Wake up and smell the fonts
Sarah shares with us a story of type and invites us to consider our emotional response to the printed word. Each font/typeface has a personality that influences our interpretation of the words we read by evoking our emotions and setting the scene. We all understand this instinctively but it happens on a subconscious level. Sarah shows us that conscious awareness of the emotional life of fonts can be entertaining and ultimately give us more control over the decisions we make.
This talk was given at a local TEDx event, produced independently of the TED Conferences.
We are all type consumers and typefaces, or fonts, play a vital role in our everyday lives. They help us to navigate, they help us to make choices, they help us to shop, they keep us safe and sometimes they even play a game of sleight of hand. It is hugely important as the world involves that all of those involved in the future communication and technology understand the power of type.
“A brilliant #type talk. Loved your transformation from Times New Roman. True show it not say it.” Sandra Dartnell @mdh_sandra
Sarah Hyndman, Wake Up and Smell the Fonts at TEDxBedford
TEDxBedford 2014 is taking place on the afternoon of the 15th November 2014 at The South Bank Arts Centre, Bedford College. A diverse range of speakers will join us to share their ‘ideas worth spreading’ relating to our theme ‘by Design’.
Designer Sarah Hyndman explores typography as we experience it in our every day lives under the banner of Type Tasting. Since the launch in 2013 she’s curated an exhibition at the V&A for the London Design Festival, been interviewed on Radio 4’s Today, taken Type Tasting to South by Southwest in Austin, Texas and has been commissioned to write a book.
Sarah has been a graphic designer for over 15 years, working in agencies before setting up design company With Relish. After studying an MA in Typo/Graphics at the London College of Communication she was invited back as a guest tutor.
Sarah will share with us a story of type and invite us to consider our emotional response to the printed word. Each font/typeface has a personality that influences our interpretation of the words we read by evoking our emotions and setting the scene. We all understand this instinctively but it happens on a subconscious level. Sarah will show us that conscious awareness of the emotional life of fonts can be entertaining and ultimately give us more control over the decisions we make.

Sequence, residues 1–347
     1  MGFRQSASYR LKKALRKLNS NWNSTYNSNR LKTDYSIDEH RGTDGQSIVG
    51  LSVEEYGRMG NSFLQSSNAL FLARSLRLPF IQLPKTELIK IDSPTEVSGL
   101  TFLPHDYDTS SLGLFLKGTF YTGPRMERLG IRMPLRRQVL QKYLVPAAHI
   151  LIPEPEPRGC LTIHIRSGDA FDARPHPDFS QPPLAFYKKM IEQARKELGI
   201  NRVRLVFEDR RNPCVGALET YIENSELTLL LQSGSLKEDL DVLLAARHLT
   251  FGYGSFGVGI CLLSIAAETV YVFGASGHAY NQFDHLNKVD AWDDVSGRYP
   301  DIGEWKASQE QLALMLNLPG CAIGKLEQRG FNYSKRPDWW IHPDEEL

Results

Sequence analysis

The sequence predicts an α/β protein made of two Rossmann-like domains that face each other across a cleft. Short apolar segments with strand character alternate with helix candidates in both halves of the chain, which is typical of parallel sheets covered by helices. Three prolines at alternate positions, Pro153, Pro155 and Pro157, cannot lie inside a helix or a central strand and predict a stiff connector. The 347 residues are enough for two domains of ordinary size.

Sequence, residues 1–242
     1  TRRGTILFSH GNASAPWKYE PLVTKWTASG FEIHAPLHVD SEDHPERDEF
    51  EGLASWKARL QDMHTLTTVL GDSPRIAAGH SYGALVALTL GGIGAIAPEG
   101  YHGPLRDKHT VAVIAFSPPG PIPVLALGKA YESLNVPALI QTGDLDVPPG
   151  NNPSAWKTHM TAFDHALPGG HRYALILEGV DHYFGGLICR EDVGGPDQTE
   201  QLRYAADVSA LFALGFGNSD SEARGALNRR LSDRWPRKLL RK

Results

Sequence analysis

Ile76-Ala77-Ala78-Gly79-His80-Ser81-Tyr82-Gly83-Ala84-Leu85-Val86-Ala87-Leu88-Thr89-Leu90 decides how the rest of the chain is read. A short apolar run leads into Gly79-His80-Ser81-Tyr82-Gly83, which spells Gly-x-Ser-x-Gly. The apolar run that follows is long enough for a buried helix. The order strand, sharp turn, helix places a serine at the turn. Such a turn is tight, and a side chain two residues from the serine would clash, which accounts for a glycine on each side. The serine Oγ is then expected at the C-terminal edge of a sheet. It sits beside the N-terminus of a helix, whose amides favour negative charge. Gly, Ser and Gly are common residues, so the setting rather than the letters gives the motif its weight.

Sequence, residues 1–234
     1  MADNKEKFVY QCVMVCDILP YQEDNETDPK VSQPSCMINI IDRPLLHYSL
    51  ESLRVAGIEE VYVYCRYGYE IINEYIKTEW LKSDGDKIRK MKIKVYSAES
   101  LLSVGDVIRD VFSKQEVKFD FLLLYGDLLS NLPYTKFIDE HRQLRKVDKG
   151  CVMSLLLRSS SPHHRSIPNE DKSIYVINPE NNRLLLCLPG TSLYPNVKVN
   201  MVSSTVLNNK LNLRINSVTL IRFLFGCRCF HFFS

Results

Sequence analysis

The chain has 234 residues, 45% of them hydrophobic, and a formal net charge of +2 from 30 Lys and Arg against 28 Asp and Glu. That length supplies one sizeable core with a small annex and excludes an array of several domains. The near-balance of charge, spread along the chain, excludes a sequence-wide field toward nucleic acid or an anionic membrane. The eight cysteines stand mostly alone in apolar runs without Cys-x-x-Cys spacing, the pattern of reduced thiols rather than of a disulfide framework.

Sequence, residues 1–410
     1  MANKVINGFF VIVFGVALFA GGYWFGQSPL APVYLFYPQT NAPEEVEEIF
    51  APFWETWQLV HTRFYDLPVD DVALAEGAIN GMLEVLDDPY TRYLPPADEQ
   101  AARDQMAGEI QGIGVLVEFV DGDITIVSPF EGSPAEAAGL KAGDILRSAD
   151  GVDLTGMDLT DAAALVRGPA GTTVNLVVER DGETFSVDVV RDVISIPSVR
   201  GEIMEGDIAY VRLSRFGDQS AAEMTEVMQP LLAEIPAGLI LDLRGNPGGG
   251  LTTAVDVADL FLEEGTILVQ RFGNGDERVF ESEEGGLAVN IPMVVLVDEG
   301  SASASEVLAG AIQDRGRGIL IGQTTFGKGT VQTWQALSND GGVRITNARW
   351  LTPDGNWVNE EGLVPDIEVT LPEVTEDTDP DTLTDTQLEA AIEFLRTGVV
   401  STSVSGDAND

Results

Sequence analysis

It was a weekend of talking typography with four Type Tasting talks, three of which were sold out ahead of time. The talks were 45 minutes with slides, props and quizzes which revealed how typography evokes associations long before the words have been read. For those of you who came along thank you for being so interactive and for asking great questions, the links and references are below.
On Saturday Sarah Hyndman shared her observations on the typography seen in Dalston, London, and explained what this reveals about the area and how signage is the visual DNA of an area.
“Thank you for the very enjoyable Dalston Type Safari talk on Saturday. A unique & interesting way to ‘read’ the city.” Sophie Nellis
The history of type told in ten album covers
£4 (45 mins), booking essential
Sunday 8th June at 14.30 (sold out) & 17.00 (sold out)
Venue – Type Tasting studio, Chocolate Factory N16
A talk about typography: from ACDC to Pulp, through prog rock, grunge and punk… the typography on record covers reveal a great deal about the history and development of type, and also charts the evolution of popular culture. The talk takes place in the Type Tasting studio and is part of Open Studios weekend at the Chocolate Factory N16.
Sarah Hyndman set up Type Tasting in 2013. Since the launch she’s curated a mass participation Type Tasting exhibition at the V&A with the London Design Festival, been interviewed on Radio 4’s Today and recently took Type Tasting to South by Southwest in Austin, Texas.
Here at Type Tasting I’ve been having conversations about how we respond to different typefaces. Whether we’re type designers, graphic designers or nothing to do with the design industry, all of us are type consumers. We interact with typefaces constantly in our everyday lives and, although it happens on an instinctive level, when we read a word the choice of font also has an effect on us.